The St. Petersburg Chamber of Commerce presents: Coronavirus Impact Insights. Video coming soon.
Business and social restrictions meant to mitigate the impact of Covid-19 are changing rapidly. Gov. Ron DeSantis announced Tuesday the statewide closure of bars and clubs, and a 50 percent reduction in capacity for restaurants. How are local businesses handling these restrictions? St. Petersburg Chamber CEO Chris Steinocher covers that difficult topic on this episode of Coronavirus Impact Insights with Chamber President Ryan Griffin, a lawyer at Johnson Pope, and owner of Mandarin Hide, Sake 23 and Trophy Fish.
“It has been a lot to take in in the hospitality business in the last couple weeks, let alone the last 24 hours,” Griffin says. “It’s a constantly fluid situation that continues to change. All you can do is prepare with what you know and go forward from that.”
Griffin has been forced to shut down Mandarin Hide, a popular bar in downtown St. Petersburg, and operate his other businesses at half capacity. His action plan for the hospitality workers he employs include providing immediate monetary resources to give employees some relief, and directing them toward additional private and governmental resources, like bartender relief assistance from the state of Florida, and unemployment assistance. Standards for unemployment assistance are being relaxed and are available not just for employees that have been laid off, but those facing reduced hours.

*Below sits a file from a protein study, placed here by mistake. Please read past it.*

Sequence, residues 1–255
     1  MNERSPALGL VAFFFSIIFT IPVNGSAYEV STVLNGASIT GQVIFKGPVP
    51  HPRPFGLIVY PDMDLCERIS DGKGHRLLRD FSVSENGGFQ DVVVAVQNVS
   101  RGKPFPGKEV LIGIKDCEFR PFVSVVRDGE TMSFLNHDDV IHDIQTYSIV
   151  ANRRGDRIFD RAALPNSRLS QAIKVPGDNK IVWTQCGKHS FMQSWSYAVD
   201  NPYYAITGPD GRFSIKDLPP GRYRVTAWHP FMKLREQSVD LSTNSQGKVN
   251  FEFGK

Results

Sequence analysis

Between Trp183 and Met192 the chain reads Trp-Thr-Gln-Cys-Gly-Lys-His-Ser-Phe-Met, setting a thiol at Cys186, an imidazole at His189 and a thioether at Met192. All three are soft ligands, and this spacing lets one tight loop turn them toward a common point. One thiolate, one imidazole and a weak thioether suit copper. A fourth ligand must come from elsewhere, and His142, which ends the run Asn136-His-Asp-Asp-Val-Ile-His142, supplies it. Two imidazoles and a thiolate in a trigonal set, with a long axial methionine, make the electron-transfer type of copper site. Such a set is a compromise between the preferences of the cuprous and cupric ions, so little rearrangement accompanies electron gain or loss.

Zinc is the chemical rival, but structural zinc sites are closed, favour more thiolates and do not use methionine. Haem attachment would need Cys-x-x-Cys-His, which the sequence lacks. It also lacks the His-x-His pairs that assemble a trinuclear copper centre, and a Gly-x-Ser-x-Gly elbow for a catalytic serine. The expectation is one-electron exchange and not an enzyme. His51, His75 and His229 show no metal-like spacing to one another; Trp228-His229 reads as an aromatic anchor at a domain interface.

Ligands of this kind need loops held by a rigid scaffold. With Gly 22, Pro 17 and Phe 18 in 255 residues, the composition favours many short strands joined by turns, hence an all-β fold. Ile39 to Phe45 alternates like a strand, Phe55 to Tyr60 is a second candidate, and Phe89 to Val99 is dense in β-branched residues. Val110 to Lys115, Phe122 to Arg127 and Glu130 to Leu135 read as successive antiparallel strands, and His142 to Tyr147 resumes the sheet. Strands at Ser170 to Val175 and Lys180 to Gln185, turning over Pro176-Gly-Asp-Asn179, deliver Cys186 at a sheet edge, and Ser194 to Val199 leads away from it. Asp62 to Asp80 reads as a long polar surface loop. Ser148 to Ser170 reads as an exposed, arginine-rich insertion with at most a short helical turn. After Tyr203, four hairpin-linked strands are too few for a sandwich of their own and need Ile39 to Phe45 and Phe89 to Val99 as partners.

Across the state and federal government, bills are being established and solidified that would provide two weeks of severance.
In the meantime, Griffin says that now is the time to get creative. Griffin is working to provide jobs outside of regular hospitality work for staff in need, particularly for jobs that are sometimes contracted out to vendors.
The best thing the community can do right now, in addition to ordering food to go from restaurants, is purchasing gift cards, which Griffin explains essentially operate as a zero percent loan to small businesses. Griffin says this is one of the best ways to get money to staff and keep them employed.
“Every little thing helps,” Griffin explains. “People want to help each other. It’s a serious situation and people right now are trying to determine how they’re going to feed their families.”
Communicating and educating employees and customers continues to be essential, even during closure, Griffin says. Rules regarding restaurants could be changing quickly, and the restaurant and bar closures could go on longer than 30 days.
Many restaurants are getting creative in an attempt to keep customers engaged and doing business. At Trophy Fish, Griffin says, delivery services like Uber Eats, Door Dash and others are aligning to help get food to families. Griffin believes that this vertical integration is essential for restaurants to survive, especially those restaurants that had not previously been using delivery services.